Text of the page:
A video paying tribute to the 1958 LSU national championship football team has been called into question by some who claim to have been "triggered" by what they call a 61-year-old racial insensitivity.

The team, led by head coach Paul Dietzel, took home the crown after an undefeated season and a thrilling 7 - 0 win over Clemson in the Sugar Bowl.

But it's the teams use of the term "Chinese Bandits" that has a sensitive few a little riled. Dietzel, you see, was one of the first big time coaches to employ a platoon system. A bit more detail from wikipedia.com:

"In 1958...Dietzel came up with a unique three-team platoon system. It consisted of three teams of 11 different players. Instead of replacing individual players during the game, Dietzel would bring in an entirely new set of players between plays and series. The three teams were called the White Team (the first-string offense and defense), the Gold (Go) Team (the second-string offense), and the Chinese Bandits (the second-string defense)."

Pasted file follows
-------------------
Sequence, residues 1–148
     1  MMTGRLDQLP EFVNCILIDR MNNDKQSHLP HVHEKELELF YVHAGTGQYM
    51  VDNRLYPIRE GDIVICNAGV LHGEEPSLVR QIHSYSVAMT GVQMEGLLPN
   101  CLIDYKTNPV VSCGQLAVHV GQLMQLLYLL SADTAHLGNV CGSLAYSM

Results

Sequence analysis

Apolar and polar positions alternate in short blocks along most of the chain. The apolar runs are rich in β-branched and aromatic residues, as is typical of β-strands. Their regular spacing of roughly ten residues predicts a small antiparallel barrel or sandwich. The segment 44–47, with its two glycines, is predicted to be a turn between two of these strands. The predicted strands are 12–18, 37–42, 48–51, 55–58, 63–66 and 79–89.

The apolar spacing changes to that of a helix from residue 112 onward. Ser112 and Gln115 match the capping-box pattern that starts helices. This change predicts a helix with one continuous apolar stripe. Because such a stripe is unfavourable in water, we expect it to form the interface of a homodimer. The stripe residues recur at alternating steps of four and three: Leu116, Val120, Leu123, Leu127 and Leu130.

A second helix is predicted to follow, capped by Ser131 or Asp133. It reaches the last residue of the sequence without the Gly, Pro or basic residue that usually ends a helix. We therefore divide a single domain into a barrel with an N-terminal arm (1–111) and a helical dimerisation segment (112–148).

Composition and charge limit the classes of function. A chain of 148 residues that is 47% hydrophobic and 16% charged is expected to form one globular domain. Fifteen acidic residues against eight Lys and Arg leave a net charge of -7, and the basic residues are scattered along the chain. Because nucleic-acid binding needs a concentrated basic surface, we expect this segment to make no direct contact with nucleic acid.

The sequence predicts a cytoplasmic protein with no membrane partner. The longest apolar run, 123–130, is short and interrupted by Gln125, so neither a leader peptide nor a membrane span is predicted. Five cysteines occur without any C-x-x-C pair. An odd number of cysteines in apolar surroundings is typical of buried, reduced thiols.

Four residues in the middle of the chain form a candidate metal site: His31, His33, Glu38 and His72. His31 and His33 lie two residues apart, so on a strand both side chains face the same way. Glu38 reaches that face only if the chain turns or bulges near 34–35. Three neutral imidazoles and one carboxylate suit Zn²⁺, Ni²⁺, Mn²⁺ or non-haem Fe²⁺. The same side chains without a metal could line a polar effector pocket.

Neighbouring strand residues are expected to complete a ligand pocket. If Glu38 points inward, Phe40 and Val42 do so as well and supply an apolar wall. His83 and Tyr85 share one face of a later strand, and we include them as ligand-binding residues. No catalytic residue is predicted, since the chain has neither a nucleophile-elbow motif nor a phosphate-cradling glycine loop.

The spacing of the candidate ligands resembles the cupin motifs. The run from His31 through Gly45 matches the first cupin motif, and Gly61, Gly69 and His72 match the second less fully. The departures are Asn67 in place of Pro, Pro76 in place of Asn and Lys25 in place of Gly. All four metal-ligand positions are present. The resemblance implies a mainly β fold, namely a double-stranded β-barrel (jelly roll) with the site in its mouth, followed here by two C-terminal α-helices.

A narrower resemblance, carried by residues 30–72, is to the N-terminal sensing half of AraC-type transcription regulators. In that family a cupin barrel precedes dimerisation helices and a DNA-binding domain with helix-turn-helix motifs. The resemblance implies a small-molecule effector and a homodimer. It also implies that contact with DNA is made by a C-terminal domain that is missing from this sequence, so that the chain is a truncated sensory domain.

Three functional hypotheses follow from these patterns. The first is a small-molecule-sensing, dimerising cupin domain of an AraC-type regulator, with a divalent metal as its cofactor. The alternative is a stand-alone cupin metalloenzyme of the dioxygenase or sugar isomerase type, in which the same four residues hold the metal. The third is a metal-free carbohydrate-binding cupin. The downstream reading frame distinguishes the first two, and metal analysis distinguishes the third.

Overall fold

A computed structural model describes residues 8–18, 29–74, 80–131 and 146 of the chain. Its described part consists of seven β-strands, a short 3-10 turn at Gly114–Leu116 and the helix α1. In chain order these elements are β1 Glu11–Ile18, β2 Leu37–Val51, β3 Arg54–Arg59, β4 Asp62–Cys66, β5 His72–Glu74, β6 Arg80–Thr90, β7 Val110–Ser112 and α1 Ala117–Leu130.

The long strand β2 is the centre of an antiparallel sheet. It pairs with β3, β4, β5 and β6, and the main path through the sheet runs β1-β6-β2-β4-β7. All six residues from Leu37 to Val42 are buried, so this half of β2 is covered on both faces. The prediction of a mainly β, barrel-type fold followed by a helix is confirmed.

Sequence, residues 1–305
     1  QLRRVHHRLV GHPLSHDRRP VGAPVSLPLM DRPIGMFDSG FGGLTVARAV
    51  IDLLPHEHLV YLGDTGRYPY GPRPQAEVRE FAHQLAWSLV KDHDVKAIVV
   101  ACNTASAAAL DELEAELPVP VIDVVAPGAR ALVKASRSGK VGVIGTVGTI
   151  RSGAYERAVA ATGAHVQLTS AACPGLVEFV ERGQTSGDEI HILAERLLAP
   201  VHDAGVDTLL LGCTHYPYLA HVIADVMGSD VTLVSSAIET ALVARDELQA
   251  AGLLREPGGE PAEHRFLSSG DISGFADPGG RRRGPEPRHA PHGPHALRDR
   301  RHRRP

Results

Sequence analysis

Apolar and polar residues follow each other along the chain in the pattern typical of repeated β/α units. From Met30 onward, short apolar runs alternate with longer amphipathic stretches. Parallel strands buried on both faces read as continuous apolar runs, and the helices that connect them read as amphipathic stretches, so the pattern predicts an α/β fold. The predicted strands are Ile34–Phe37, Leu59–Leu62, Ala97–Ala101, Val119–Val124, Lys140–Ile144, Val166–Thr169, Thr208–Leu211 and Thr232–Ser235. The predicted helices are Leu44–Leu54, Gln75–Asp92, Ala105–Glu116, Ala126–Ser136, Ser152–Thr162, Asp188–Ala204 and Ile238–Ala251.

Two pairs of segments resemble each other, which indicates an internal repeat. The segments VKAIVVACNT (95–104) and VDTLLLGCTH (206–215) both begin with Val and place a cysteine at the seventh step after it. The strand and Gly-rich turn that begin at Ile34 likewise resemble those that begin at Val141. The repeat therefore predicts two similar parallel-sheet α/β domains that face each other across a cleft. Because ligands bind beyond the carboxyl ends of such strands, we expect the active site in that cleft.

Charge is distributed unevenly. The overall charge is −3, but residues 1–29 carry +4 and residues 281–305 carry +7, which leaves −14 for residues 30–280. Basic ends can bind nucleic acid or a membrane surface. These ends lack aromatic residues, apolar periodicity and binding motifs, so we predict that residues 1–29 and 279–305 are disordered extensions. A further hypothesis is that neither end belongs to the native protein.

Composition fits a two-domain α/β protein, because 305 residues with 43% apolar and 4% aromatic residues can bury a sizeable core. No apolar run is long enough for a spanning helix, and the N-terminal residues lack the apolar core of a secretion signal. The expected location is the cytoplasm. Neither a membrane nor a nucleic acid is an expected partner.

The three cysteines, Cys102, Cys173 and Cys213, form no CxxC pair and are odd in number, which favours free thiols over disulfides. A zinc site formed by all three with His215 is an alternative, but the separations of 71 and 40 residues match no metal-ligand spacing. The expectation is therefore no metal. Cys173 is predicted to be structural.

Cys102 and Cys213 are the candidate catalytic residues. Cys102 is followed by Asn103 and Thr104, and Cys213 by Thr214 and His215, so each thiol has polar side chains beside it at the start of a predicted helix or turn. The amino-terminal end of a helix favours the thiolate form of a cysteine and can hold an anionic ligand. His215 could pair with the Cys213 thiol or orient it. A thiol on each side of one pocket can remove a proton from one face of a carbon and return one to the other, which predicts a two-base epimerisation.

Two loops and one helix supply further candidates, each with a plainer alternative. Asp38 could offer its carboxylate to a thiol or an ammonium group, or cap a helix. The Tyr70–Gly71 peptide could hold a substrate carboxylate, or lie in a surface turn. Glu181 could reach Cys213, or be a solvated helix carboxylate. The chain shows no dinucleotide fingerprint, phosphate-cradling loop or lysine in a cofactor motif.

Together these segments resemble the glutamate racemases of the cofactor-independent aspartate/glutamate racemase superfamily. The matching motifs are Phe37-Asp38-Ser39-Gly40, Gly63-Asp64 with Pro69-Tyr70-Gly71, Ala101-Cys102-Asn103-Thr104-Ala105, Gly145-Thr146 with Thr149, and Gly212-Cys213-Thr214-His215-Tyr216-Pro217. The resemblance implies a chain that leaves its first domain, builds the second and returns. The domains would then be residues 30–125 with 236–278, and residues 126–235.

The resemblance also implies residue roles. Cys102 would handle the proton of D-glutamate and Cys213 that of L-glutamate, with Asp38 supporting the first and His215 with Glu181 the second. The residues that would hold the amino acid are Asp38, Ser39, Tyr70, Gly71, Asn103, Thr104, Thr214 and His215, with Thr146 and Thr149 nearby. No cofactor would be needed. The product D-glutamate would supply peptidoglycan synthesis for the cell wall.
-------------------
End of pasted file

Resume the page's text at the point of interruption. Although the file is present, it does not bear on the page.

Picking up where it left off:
Of course, in the late 1950s the term "Chinese Bandits" was embraced by the media as colorful, but a newer generation now claims it racially insensitive, even derogatory. And after seeing film of the Tigers players donning less-than-flattering Chinese masks, the offended might seem to have a bit of evidence on their side.

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